A few hours later, following a national phone conference with social-service organizations and conversations with local Immigration and Customs Enforcement officials, Teresa Cavendish of Catholic Community Services got a confirmation. More than 700 parents and their children recently apprehended by the Border Patrol — at least 470 in Yuma and 285 in Tucson — would be released in less than 24 hours.
Since 2014, the number of Central American families, particularly from Guatemala, coming across the U.S. southern border has been rising. They either cross the border and turn themselves in to the Border Patrol or present themselves at a port of entry to seek refuge. Recently, they’ve been seeking agents in larger groups, while more families are told to come back later or made to wait longer to be processed at legal ports of entry.
The larger groups have meant that Border Patrol sectors such as Yuma’s are working at over capacity, officials said.
Yuma can keep up to 350 people in custody , whether that’s a family or single adults, said Henry Lucero, ICE field office director in Phoenix, “and over the last few weeks they were operating above capacity with some days 400 to 450 in custody.” Yuma had also started to transfer people to the neighboring Tucson sector, risking filling another sector.
The situation in Yuma, he said, is what ultimately sparked the larger releases to Tucson, Yuma and Phoenix offices. Customs and Border Protection turns people over to ICE after they’ve been processed, which in turn decides whether the person will be released or detained as they go through the immigration process.
In Tucson, Casa Alitas, run by Catholic Community Services, and The Inn Project of the Methodist Church normally receive these families, but they have a combined capacity of 85 people, Cavendish said. The Yuma Refugee Ministry can house about a dozen more.
The release of hundreds meant they couldn’t do it alone. They needed help.
Gloria Arellano de la Rosa had told herself she wouldn’t break down. If I cry, they’ll cry, she thought.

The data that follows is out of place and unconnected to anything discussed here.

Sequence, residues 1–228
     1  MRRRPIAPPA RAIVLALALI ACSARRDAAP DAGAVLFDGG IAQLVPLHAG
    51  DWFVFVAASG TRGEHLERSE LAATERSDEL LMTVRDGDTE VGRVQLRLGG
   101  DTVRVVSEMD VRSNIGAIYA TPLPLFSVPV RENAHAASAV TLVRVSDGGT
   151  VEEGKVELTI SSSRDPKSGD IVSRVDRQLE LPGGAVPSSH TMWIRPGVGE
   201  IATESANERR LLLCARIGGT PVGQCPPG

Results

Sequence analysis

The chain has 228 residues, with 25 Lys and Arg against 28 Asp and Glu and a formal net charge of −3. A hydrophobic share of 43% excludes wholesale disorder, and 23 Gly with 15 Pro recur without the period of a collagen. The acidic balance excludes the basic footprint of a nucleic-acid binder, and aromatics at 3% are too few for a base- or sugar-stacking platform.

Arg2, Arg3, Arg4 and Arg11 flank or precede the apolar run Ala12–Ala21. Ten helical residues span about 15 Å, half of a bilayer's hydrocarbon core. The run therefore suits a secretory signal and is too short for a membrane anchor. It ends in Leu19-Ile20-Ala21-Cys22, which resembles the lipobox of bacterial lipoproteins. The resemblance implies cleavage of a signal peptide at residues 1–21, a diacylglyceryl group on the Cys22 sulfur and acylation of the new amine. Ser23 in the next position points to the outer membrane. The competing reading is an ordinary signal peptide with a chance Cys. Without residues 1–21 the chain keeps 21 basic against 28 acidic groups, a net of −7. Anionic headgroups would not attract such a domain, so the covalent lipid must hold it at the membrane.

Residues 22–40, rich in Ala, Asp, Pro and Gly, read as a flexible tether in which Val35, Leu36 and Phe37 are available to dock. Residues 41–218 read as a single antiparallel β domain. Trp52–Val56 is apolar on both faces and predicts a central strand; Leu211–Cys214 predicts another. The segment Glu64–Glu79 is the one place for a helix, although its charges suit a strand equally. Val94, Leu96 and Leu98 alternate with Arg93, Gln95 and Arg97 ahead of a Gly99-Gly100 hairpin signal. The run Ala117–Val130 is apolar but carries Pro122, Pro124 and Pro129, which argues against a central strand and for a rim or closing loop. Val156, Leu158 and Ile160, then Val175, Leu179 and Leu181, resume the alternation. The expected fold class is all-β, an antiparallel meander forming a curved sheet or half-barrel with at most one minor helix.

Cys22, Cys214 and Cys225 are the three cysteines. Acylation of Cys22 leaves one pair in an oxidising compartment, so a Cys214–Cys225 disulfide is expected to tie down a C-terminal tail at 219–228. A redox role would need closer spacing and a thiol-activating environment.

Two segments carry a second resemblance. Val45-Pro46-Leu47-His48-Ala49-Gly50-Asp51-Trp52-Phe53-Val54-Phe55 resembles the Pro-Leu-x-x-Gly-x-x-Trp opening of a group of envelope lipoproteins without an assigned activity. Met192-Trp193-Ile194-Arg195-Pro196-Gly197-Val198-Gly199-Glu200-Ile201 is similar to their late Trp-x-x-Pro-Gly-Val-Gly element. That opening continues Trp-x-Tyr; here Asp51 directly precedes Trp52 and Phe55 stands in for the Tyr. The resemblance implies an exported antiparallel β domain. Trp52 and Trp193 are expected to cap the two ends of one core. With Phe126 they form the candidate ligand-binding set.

And the last thing she wanted after spending the first month in nine years with her children was to make them cry.
“You know what’s good and what’s bad,” she told three of her four kids as a customs officer and her immigration attorney looked on. “So be good.”
After one last blessing, Gloria walked down the same pedestrian lane she had walked up a month earlier. She passed the street food stalls, the taxi drivers calling out for fares, and entered the busy streets of Nogales, Sonora.
She thought of her family and the time they spent together and the bittersweet reason that let that happen: The U.S. government let her enter the country for 30 days after her elderly husband was told he had only a few weeks to live.
More than 4.5 million American children have at least one undocumented parent. Although there is no way to track how many have been separated because of deportation or bans, in places like Tucson’s south side, where the de la Rosa kids grew up, these stories are common.
They illustrate the complexities of an immigration system that politicians on both sides say is broken, and the consequences of a 1996 law that compounded mistakes made by Gloria and her husband, including filing the wrong paperwork and leaving the country.
Before then, she likely would have paid a fine for living in this country illegally, then adjusted her immigration status and gone on to live with her family. Instead, Gloria and Arsenio de la Rosa had to choose between having their children grow up with a mother or giving them the chance to take advantage of the opportunities that come with living in America.
They chose the latter.
But for a moment in late August they didn’t have to. They had 30 days to be a family.